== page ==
‘I will join the BJP when we have black snow in Kashmir’: Ghulam Nabi Azad
Congress leader Ghulam Nabi Azad, who will be ending his Rajya Sabha stint on Monday after a four-decade-long career in Parliament, spoke to Sunetra Choudhury and Saubhadra Chatterji about his farewell by the Prime Minister, speculation that he may join the BJP, about being a ‘Hindustani Muslim’, and the thinking behind the letter written by the ‘Group of 23’, among other issues.
Your farewell grabbed the headlines. Can you tell us about your relationship with Prime Minister Narendra Modi?
We know each other since the ’90s. We were both general secretaries, and we used to come on TV debates representing different views; we used to fight also in the debates. But, if we reached early, we used to share a cup of tea also and chit-chat. Later we knew each other as chief ministers, meeting at the Prime Minister’s meetings, home minister’s meetings. Then he was CM and I was health minister, and we would speak every 10-15 days on different issues.
Why we were both crying was not because we knew each other, but the reason was that, in 2006, a Gujarati tourist bus was attacked [in Kashmir], and I broke down while speaking to him. The PM was saying that here is a person who’s retiring who is also a good human being. He couldn’t complete the story because he broke down, and when I wanted to complete the story, I couldn’t because I felt I was back in that moment 14 years ago when the attack took place.
Do you think this gesture of the Prime Minister will resonate with a wider audience of Jammu & Kashmir?
I think this will not affect the issues of Jammu & Kashmir. The entire population is so concerned, not just about Article 370. Downgrading the state to a Union territory, which was not a BJP agenda, and the division of the state, have hurt everybody; we’ve been reduced to ashes. I’ve only seen upgradation of UTs into states, and my own state, which is among the largest and oldest states in the country, has been made a UT. Nobody can digest that.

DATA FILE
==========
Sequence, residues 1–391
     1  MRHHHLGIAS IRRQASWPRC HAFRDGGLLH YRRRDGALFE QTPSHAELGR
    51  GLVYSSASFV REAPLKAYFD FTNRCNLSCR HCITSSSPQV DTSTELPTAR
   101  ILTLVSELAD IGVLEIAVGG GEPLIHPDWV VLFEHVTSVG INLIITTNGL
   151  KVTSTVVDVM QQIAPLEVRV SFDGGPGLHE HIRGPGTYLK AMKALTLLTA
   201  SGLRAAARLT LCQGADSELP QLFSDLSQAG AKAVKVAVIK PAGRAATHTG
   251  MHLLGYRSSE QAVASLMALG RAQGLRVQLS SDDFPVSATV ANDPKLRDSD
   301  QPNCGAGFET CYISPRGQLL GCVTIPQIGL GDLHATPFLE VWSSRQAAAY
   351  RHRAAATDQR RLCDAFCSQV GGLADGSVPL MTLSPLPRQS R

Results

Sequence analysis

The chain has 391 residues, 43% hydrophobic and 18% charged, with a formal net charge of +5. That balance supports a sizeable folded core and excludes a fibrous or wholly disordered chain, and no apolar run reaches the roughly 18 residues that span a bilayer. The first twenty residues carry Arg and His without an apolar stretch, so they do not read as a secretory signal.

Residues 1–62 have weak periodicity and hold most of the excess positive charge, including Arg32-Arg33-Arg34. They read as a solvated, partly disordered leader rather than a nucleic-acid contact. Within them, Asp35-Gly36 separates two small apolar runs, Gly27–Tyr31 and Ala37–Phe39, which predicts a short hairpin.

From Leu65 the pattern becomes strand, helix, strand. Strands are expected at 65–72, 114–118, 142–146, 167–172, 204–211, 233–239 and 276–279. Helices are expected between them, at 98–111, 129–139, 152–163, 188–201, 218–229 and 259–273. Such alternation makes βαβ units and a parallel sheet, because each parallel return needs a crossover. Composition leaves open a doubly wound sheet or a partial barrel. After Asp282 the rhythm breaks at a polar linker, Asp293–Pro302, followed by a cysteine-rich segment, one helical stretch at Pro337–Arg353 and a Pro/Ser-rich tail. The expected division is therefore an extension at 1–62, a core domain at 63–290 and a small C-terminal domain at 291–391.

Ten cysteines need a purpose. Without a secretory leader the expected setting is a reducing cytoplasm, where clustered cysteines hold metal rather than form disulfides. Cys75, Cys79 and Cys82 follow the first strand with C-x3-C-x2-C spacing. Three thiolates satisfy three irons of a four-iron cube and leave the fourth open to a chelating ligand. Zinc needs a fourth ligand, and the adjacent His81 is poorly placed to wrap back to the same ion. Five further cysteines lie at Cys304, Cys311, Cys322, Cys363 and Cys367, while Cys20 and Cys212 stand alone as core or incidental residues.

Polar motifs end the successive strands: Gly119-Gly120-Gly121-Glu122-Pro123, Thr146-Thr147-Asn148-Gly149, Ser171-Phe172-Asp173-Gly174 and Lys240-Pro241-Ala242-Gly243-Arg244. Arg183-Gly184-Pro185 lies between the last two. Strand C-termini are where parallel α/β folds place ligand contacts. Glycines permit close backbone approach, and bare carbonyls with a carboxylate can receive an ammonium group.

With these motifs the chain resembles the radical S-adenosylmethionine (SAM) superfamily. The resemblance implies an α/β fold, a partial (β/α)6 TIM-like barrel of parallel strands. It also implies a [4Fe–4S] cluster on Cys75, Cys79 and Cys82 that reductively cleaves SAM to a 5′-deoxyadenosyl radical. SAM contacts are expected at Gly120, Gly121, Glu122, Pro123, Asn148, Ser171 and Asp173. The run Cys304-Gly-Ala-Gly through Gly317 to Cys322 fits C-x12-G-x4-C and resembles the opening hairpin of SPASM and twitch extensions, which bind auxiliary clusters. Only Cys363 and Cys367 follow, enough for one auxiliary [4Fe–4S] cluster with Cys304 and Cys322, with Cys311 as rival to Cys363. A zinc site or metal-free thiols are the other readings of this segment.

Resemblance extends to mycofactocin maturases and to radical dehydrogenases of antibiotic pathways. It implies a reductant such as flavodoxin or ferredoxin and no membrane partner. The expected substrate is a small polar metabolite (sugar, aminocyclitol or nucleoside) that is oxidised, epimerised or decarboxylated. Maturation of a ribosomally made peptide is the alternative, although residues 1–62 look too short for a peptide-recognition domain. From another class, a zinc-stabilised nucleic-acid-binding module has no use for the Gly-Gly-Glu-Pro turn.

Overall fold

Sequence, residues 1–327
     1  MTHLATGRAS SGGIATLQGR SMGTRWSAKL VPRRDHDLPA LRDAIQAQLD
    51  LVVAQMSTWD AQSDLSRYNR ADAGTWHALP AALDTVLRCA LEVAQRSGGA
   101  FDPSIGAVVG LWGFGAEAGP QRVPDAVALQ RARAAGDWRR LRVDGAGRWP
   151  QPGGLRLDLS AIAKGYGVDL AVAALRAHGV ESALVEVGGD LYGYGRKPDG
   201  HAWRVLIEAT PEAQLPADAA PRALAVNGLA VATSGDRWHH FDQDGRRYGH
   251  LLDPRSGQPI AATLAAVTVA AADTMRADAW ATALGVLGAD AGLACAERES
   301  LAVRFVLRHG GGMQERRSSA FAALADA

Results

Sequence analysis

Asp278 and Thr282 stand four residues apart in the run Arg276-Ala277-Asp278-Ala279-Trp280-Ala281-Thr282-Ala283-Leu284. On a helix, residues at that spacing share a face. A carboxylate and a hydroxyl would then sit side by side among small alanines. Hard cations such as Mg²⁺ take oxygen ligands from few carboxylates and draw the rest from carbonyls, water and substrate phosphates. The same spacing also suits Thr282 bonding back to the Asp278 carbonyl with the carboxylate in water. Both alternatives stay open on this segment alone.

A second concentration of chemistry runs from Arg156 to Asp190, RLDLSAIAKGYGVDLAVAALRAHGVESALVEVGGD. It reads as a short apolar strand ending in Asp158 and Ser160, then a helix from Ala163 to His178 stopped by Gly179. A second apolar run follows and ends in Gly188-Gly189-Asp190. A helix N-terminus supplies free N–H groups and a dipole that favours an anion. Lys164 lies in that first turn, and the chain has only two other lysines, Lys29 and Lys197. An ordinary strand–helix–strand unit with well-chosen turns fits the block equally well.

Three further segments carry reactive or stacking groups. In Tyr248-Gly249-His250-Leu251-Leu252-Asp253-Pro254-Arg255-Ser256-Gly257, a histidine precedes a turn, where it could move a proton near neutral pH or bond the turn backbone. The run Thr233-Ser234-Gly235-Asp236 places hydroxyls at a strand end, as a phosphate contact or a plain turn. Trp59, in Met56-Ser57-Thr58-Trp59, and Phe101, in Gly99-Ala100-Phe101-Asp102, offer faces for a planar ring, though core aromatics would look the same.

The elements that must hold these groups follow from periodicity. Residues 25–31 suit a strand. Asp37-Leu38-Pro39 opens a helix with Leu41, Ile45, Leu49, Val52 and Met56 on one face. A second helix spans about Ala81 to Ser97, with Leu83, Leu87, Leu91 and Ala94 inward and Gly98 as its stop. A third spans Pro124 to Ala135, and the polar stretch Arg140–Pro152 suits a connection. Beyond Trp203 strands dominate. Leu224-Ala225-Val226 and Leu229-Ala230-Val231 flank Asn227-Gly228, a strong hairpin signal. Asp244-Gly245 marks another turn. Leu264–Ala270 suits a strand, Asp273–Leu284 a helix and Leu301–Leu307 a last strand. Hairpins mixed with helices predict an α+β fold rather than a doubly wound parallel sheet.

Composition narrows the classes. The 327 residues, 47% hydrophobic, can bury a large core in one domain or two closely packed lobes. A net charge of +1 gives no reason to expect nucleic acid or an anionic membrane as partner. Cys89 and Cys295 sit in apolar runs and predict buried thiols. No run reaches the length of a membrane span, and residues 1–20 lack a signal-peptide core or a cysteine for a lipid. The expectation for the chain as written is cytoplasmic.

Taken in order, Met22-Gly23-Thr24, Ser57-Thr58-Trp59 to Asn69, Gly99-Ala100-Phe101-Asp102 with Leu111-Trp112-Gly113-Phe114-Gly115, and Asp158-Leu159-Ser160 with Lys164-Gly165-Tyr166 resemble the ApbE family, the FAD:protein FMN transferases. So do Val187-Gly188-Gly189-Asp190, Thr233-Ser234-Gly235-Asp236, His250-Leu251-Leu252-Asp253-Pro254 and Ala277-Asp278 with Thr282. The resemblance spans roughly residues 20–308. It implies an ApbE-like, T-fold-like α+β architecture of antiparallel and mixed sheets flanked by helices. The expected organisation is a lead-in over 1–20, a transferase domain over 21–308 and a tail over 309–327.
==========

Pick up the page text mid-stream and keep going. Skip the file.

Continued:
Shashi Tharoor described the PM’s crying that as an ‘artfully crafted performance’.
I don’t know in which sense, and most of the people didn’t know the background. A lot of people thought the PM was doing it artificially, because why should he bother that a Congressman is going. As I said, the words he used were for me, but our emotion was in a different context.
What do you make of the speculation that you may now join the BJP?
I will join the BJP when we have black snow in Kashmir. Why BJP — that’s the day I’ll join any other party. Those who say this or spread these rumours, they don’t know me. When Rajmata Scindia was the deputy leader of the Opposition, she stood up and said some allegation about me. I got up and I said that I take the allegation very seriously, and on behalf of the government, I would like to suggest a committee which would be chaired by [Atal Bihari] Vajpayee, and would have her and [LK] Advani as members. I said that they should complete the report in 15 days, and whatever punishment they suggest, I’ll accept it. Vajpayeeji came in as I mentioned him, and asked why. When I told him, he stood up and said — I offer my apologies to the House, and also to Ghulam Nabi Azad. Maybe Rajmata Scindia doesn’t know him, but I do.
What did your own party people say about the term ending?
The party president had written a long letter appreciating my work all through, as general secretary, as LoP. She also said that we have to work together to strengthen the organisation, and after that I met her. She said we have to prepare for elections.